Tuesday, March 5, 2013

Building Stories

Sample from Building Stories
I have something really special I want to talk about, but it has nothing to do with games, at least not at first glance. It's called Building Stories, and it's a graphic novel of sorts. By the looks of it, Building Stories seems more like a board game, a meaningful analogy all things considered. Open the box and you will find fourteen stories, or parts of a story. These include a gold-trimmed hard-cover reminiscent of children's books, a huge over-sized newspaper-like comic, a large board-game-like story, stretched pamphlets, short-stories, and more. For those with any interest in reader-driven storytelling (ie., anyone who plays games), this is a work you must experience for yourself.

Written and drawn by the brilliant Chris Ware, Building Stories explores themes of loneliness, depression, regret, and expectations with vivid coloring and gorgeous illustrations that often appear architectural in nature. Many of the pieces read like infographics, plotting the life moments of a failed art-students and those around her though the author, and the characters themselves, were trying to make sense of life unfulfilled.

Interactivity, participatory storytelling, is at the heart of Building Stories. Reading the graphic novel is a form of collaboration, as it asks players you to plot your own path on the journey. The contents can be read in any order, and therefor events take place at different points in time. Regardless, all of the events begin to make some sense in relation to each other. You may meet the upstairs landlady of the protagonist before you meet her daughter, depending on where you begin. Alternatively, you may enter the story through a Branford the Bee, a tragic insect that buzzes through the story here and there, following his own arc through the narrative. The set of stories also includes a couple double-sided pamphlets that can be read one way or the other, looping back around to tell a different but thematically consistent story of troubled life.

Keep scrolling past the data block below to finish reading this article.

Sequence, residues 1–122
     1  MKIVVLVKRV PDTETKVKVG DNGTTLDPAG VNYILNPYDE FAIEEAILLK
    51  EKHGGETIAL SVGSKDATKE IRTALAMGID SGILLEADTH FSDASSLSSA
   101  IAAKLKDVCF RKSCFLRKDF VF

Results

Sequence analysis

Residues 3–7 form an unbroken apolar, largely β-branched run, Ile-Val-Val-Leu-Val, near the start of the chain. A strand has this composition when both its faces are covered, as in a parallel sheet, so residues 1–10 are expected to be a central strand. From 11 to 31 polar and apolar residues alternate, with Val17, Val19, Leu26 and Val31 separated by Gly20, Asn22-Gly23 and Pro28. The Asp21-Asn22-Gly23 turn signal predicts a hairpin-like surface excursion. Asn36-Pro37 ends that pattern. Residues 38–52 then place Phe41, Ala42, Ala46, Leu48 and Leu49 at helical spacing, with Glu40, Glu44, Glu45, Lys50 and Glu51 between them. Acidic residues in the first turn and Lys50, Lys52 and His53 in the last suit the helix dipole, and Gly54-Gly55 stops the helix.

Beyond the very structure of the work, the layout of illustrations demand participation. Ware often draws you through the panels with arrows and signs, guiding you through the experience. Sometimes these paths diverge, two arrows may branch off into their own moments in time, and you have to choose your own path accordingly. At other times, Ware abandons you to find your own way, offering single
Do not mistake Build Stories for an "artsy" jumble of haphazardly put-together comic strips. Like a well designed game, this is a carefully constructed experience, it just demands your participation. When everything is read, things make sense, or rather, you make sense of things as best you can. The work captures the almost terrifying process of understanding your life in relation to singular places in time, past moments that collectively make up your life. The pieces are inseparable from the whole.

Building Stories contents from Global Panorama
In a digital age, making your way through user-driven and tactile experience is immensely rewarding. Reading Building Stories actually reminds me of playing Dear Esther, a game whose narrative must also be scrapped together by players combining narrative voice-over and environmental clues. Both experiences, if you let them, are also deeply moving.

If I haven't sold you on the "book" yet, maybe the many accolades Ware has earned can sway you. Building Stories is the winner of the Cartoonist Studio Prize for Best Graphic Novel, Publishers Weekly's Best Book of the Year, Entertainment Weekly's Best Fiction of 2012, Boing Boing's Best Graphic Novel of the Year, among others, and appeared in several Top 10 Books of 2012 lists. Those gamers interested in interactive and spatial storytelling will find comfort in exploring the powerful (and deeply depressing) work.

One last piece of neat information regarding Building Story that you may find intriguing, the back of the box offers several "appropriate places to set down, forget or completely lose any number of its contents within th walls of an average well-appointed home."


  1. I love Chris Ware! Have you ever seen the animation he did for This American Life?

    I bought a copy of Building Stories as a gift for a friend, but I might actually end up keeping it for myself.

  2. No one would blame you for keeping it. Also, I haven't see that video, so thanks for the share!

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